Don't talk yourself out of it

So we all reach a point where the diet just stops feeling “worth it”.  You stop caring about getting abs.  You stop longing to fit back into those jeans you temporarily retired years ago.  And you stop desperately wanting to be the most ripped person at the local swimming hole (like that is still a thing).  The reality of how badly a “deep” cut really sucks has fully set in, and it is time to start weighing your options, constantly. 

This is one of the most dangerous times of a diet, which has claimed countless victims and whose thirst for blood, or fat, will never be quenched.  Even those of us with infallible wills can be tempted to bend, cheat, and ultimately fail. 

Our minds start playing tricks on us.  Telling us that we never really wanted to lose the weight that badly to begin with.  That it’s probably not even healthy to lose this much weight in the first place.  We will never keep it off even if we do get there anyway; so why even bother?

There are an infinite number of excuses that we can, and do, use to talk ourselves into pretending that stopping a diet is a “good” idea.  This is why “motivation”, be it the ever so popular “how badly do you want it?”, or any of the other countless bullshit things that people love to throw around, is useless.  It doesn’t matter how badly you want something when you are deep in the weeds.  You can still quite easily talk yourself right back into your old patterns.

“Want” is useful for starting something.  Be it a diet, a career path, anything.  But want only takes you so far.  How far you ask?  The starting line.  Want gets the ball rolling.  Want identifies your goals so that you can figure out how to achieve them.  But what want does not do, is hold your hand all the way to the finish line.

I want to fight a bear with nothing but a small knife.  I want to fight in the UFC.  I want to learn how to play the guitar.  I want to know how to speak German and Russian.  And I really want to star in the next Tarantino film.  But am I going to do any of these things?  Probably not.  Although I will always hold out hope for the Tarantino thing. 

We want tons and tons of different things.  And we add and take away from this list daily.  So what we really need to be focusing on is not what we want, but on what we need. 

Now, “need” can also be a very, questionable, word.  But for this, need is simply referring to anything that we said we were going to do.  Following through with things is extremely important, and is what truly sets people apart in life.  And believe me, I am not preaching to you from some high mountain.  I have failed to follow through with countless things in my life.  That is one of the major reasons I understand how truly important it is to do.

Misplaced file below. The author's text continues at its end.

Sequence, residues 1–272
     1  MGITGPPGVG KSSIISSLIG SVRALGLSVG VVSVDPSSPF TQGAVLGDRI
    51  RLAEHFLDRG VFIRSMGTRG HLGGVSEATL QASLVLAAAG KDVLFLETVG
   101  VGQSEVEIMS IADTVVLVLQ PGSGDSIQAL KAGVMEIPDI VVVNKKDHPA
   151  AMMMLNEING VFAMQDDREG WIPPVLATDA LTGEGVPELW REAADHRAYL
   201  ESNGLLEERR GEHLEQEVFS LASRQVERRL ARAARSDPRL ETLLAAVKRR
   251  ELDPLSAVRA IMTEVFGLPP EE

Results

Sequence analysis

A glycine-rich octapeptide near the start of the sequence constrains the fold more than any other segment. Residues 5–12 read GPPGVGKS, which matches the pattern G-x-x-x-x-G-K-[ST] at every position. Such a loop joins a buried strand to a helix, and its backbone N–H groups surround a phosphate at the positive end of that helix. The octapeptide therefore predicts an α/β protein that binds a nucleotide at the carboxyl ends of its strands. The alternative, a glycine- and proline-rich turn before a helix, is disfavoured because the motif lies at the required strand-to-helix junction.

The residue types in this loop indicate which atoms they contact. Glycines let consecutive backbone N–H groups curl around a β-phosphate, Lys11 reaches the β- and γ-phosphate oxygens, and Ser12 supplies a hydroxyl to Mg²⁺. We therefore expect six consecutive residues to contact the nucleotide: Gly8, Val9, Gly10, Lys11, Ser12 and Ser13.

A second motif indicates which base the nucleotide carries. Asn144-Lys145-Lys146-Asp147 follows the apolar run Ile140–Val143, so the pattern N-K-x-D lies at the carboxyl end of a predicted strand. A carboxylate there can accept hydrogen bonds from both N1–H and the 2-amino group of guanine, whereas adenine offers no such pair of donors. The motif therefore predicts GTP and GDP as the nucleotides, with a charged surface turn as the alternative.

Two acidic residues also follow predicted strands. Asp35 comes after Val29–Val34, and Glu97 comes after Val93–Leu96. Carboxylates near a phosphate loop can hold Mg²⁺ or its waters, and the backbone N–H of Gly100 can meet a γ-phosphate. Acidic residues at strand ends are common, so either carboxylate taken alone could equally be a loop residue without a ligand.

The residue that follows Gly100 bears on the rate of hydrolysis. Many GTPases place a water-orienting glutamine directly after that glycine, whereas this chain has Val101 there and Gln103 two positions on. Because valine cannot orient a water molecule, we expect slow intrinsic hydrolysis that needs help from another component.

So, instead of looking at your diet as simply something that you want, which can be taken off that list just as easily as it was jotted on to it, look at it as something you NEED to do.  Commit to it before you even start it.  Don’t “try” to lose weight.  Lose weight.  Take it off of that list of dreams and put it smack dab in the middle of your list of responsibilities.  Look at it the same way you look at your duty to take your kids to soccer practice.  This is important, people are counting on you (being able to depend on yourself is just as important as others being able to depend on you), so don’t bitch out. 

Looking at things in this fashion has helped me to get through some truly awful shit, diets included.  When you take quitting completely off the table it allows you to simply focus on the now. 

It’s ok to feel like dog shit.  It’s ok to have days where you hate everyone around you.  It’s going to happen.  Just go into it knowing that it will be hard, and that’s ok.

This isn’t something that you should be pep-talking your way through.  This is a responsibility that you should be following through with because you are a fucking adult, and you need to do adult shit. 

- Eat dirty my friends

Anthony howard-crow

Abs & Ice Cream, , CO,

Abs & Ice Cream is not simply a catchy name or cocky statement; it's about much more than that.

It's abut being free, and understanding the fact that you CAN be dedicated to fitness, nutrition, and overall well-being, and still enjoy any foods that you desire. It's about ending the stress and the pain that placing foods into categories of "good" and "bad" causes us.

But most of all, it's about our lifelong journey to find balance and happiness in everything that we do.